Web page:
President-elect Joe Biden has pledged to reverse the Trump administration’s restrictive immigration policies starting on Day 1. Some of his proposals, like creating a pathway to citizenship for 11 million undocumented immigrrants, will require congressional approval. But others can be achieved with the stroke of a pen through executive orders.

The question is, which ones?

Local immigration advocates have their eyes on three policies they say Biden can choose to implement right away. There are more than half a million undocumented immigrants in New York City who could be affected.

Reversing the Travel Ban

Biden’s team has already said that on his first day he’ll reverse Trump’s travel ban. It was initially created by executive order in January of 2017, and banned travelers from seven majority-Muslim nations, though it was modified to include other types of nations after lawsuits accused the adminstration of discrimination.

In New York City, people born in Yemen, Iran, and Syria make up the vast majority of residents with family members subject to the ban, according to the Mayor’s Office of Immigration Affairs.

“We were the most affected from any other nation that were on that ban,” said Abdul Mubarez, president of the Yemeni American Merchants Association, which organized a citywide protest in 2017.

With the U.S. embassy in Yemen closed, due to the civil war, Mubarez said relatives of Yemeni-Americans had to travel to nearby countries in order to get their visas processed and were then stuck overseas.

Mubarez has two nieces and a nephew who are American citizens now seeking to bring over spouses and children. He said he hopes the process will become faster and more fair. He’s planning to have his grown children come over to his home in Astoria to watch Biden’s inauguration.

“We are going to celebrate that we finally got a president that understands that America is America.”

Those who favored the ban told NPR it pressured other countries like Syria and Libya to tighten their own vetting of travelers.

Deferred Action for Childhood Arrivals (DACA)

President Trump lost his fight to shut down DACA, former President Barack Obama’s 2012 program protecting undocumented immigrants brought to the U.S. as children. It has now been fully restored and first-time applicants are being considered for the first time in three years.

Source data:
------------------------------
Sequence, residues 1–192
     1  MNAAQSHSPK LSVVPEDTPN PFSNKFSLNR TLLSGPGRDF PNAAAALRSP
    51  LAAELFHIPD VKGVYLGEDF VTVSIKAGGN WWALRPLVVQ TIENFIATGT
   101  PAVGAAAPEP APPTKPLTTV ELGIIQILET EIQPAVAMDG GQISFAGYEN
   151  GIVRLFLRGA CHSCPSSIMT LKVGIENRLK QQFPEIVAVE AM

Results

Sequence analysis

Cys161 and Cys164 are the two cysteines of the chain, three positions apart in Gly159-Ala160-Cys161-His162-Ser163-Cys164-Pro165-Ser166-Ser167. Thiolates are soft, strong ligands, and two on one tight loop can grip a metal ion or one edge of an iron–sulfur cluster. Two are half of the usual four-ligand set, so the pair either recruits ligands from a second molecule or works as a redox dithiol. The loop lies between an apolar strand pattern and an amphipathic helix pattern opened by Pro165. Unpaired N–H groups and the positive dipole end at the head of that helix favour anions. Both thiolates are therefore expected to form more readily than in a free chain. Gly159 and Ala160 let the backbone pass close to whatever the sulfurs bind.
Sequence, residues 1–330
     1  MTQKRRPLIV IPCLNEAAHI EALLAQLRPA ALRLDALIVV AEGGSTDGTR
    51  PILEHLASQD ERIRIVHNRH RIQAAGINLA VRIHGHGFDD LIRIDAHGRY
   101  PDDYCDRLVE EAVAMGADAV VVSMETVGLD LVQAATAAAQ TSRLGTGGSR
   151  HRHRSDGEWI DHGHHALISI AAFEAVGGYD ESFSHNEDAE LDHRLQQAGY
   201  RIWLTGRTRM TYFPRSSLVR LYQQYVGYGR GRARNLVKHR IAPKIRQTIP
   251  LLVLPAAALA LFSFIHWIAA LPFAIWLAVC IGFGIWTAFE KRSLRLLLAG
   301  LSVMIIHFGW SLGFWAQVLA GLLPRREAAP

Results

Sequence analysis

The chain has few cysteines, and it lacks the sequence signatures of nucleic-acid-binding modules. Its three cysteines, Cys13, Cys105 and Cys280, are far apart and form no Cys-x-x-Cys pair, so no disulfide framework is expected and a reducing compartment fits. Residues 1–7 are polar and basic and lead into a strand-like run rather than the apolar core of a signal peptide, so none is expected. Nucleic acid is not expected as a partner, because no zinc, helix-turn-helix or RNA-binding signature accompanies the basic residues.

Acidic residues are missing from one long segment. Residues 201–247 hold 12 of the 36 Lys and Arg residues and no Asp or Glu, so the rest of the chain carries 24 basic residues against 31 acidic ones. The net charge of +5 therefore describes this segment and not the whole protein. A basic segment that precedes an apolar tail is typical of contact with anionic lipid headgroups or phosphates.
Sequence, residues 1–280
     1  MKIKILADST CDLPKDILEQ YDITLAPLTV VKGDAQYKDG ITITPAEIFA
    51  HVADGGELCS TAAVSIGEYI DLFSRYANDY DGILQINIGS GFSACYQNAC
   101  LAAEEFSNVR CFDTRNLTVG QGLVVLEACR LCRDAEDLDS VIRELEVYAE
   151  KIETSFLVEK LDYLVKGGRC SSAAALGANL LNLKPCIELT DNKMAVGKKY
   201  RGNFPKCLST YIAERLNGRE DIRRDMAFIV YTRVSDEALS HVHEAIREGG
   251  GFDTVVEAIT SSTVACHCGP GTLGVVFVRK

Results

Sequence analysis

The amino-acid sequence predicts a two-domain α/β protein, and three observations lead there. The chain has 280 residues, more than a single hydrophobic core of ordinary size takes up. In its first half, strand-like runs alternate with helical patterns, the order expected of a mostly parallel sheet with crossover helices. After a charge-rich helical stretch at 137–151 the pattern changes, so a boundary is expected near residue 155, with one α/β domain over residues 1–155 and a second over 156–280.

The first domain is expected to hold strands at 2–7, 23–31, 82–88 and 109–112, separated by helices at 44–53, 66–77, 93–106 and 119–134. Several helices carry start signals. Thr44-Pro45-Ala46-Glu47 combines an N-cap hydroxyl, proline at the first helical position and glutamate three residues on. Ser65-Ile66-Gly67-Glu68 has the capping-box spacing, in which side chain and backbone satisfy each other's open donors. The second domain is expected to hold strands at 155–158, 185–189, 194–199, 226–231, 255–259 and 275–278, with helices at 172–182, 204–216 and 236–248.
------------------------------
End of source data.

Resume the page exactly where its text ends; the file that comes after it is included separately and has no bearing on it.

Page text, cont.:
For this reason, local immigration advocates said an executive order by Biden to reinstate the program will be mostly ceremonial. But since government agencies require further guidance on how to implement an executive order, some hope the program could become more user-friendly.

“There's probably going to be more fee waivers,” said Cesar Vargas, an attorney and former DACA recipient who later obtained a green card. Applying for DACA costs $495, which is a lot of money for undocumented immigrants who aren’t legally allowed to work.

Vargas said there’s also talk of expanding DACA’s benefits, namely work authorization and protection from deportation, from two years to three or four years. Biden’s nominee to lead the Department of Homeland Security, Alejandro Mayorkas, will be closely watched in the weeks ahead. In his legislative plan, the new president is also reportedly planning to give green cards quickly to both DACA recipients and those with Temporary Protected Status, a program that allows people from certain countries in crisis to live and work in the U.S. for a limited time.


President Trump used his executive powers to vastly broaden enforcement priorities to include virtually all undocumented immigrants and those accused of crimes. As a result, New York City saw a dramatic spike in the number of immigrants arrested by Immmigration and Customs Enforcement — many for civil, not criminal, violations.

Immigration advocates want Biden to use those same executive powers to reverse Trump’s priorities, and the incoming president has suggested a moratorium of certain deportations, or at least those that don’t involve criminals.

What that will look like remains to be seen. But local advocates are calling for a temporary suspension of all deportations.

Alina Das, an immigration professor at NYU’s law school and co-director of the school’s immigrant rights clinic, said a pause will “give the new administration time to review all of the cruel and inhumane and unjust policies that have been rolled out over the last four years.”

She said immigrants accused of crimes are still innocent until proven guilty, and those who were convicted have either completed their sentences or are still serving them. She argued that a moratorium on deportations is also necessary because the criminal justice system has a disproportionate impact on Black and Latino people, meaning, “you're going to see that same racial bias in who gets deported.”

Sarah Deri Oshiro, managing director for immigration at Bronx Defenders, said any moratorium should include releasing immigrants held in detention. She said it’s “abysmal” from a public health perspective to keep people in jail when they are facing civil immigration proceedings.

This is why Perry McAninch, an attorney at the Legal Aid Society, which also represents detained immigrants, said any moratorium on deportations should also apply to enforcement. Otherwise, he said, “individuals who are either currently detained by ICE, or who are arrested by ICE during the moratorium period, will not receive relief and will languish in dangerous jail conditions.”

Whatever executive actions Biden takes in the coming days are just the beginning of a larger immigration overhaul. And Republican-led states could challenge them just as Democrat-led states like New York sued over Trump’s executive orders on immigration. This is why the new president will need support from Congress to enact most of his agenda, a tough challenge with only the slimmest of majorities in the Senate.